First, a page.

The architecture of a CNN includes computation layers with modifiable parameters, known as “filters,” and the potential connections between those filters. Image pixels are processed by filters in grids of squares, like 3x3, 5x5, or 7x7, and each filter covers one square. In essence, the filters move across the image, integrating all the colors of their enclosed grid of pixels into one pixel. Different-sized filters may be present in different layers, which connect to share information in different manners. This gives a condensed image—from the integrated data from all the filters—that can be examined more easily by a computer.

Considering the number of potential architectures to select from—known as the “search space”—is extremely large, it is computationally prohibitive to use the NAS algorithm to produce a neural network on large image datasets. Usually, engineers run the NAS algorithm on proxy datasets, which are smaller, followed by transferring their learned architectures of CNN to the target task. However, this is a generalization technique, which lowers the accuracy of the model. In addition, the same outputted architecture is used on all hardware platforms, resulting in efficiency problems.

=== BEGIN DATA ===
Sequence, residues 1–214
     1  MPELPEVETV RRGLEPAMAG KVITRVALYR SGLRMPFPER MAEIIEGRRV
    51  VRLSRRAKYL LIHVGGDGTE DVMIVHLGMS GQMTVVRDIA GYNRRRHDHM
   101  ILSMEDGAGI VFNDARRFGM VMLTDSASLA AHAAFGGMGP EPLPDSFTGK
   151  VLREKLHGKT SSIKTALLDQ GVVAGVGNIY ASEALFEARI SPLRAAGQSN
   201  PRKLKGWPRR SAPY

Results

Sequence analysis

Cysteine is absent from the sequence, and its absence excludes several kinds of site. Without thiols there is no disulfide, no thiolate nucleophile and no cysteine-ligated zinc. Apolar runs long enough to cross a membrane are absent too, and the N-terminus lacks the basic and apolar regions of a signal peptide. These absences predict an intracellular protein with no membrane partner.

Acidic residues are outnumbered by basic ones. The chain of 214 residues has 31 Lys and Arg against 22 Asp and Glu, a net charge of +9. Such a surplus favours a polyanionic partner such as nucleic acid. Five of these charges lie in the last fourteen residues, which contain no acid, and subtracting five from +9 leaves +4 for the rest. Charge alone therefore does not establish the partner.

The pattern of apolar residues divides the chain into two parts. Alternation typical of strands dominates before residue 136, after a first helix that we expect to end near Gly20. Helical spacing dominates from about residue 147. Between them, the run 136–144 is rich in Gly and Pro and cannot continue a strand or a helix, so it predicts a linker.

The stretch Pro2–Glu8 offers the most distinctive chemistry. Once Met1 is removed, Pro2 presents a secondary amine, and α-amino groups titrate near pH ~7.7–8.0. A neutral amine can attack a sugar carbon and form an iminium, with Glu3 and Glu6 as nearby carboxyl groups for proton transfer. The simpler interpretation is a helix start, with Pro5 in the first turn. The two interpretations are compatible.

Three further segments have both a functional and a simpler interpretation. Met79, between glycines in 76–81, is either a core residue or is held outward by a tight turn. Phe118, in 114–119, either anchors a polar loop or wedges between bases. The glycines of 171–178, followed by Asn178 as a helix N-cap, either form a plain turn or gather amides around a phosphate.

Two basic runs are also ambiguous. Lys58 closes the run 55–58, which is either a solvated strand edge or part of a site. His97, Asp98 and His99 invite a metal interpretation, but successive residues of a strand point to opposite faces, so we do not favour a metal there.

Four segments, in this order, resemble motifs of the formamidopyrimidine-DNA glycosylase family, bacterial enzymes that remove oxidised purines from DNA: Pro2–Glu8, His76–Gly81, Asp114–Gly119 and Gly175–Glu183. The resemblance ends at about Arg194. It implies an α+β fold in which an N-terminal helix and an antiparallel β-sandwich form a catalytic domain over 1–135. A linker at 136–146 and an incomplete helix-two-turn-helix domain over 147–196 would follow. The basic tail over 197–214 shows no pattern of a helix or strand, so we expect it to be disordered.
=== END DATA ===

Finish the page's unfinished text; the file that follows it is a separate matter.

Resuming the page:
The new NAS algorithm was trained and tested by the team on an image classification task directly in the ImageNet dataset; this dataset comprises of an infinite number of images in a thousand classes. The researchers initially produced a search space containing all potential CNN “paths”—implying how the filters and layers connect for data processing. This provides a free reign to the NAS algorithm to locate an optimal architecture.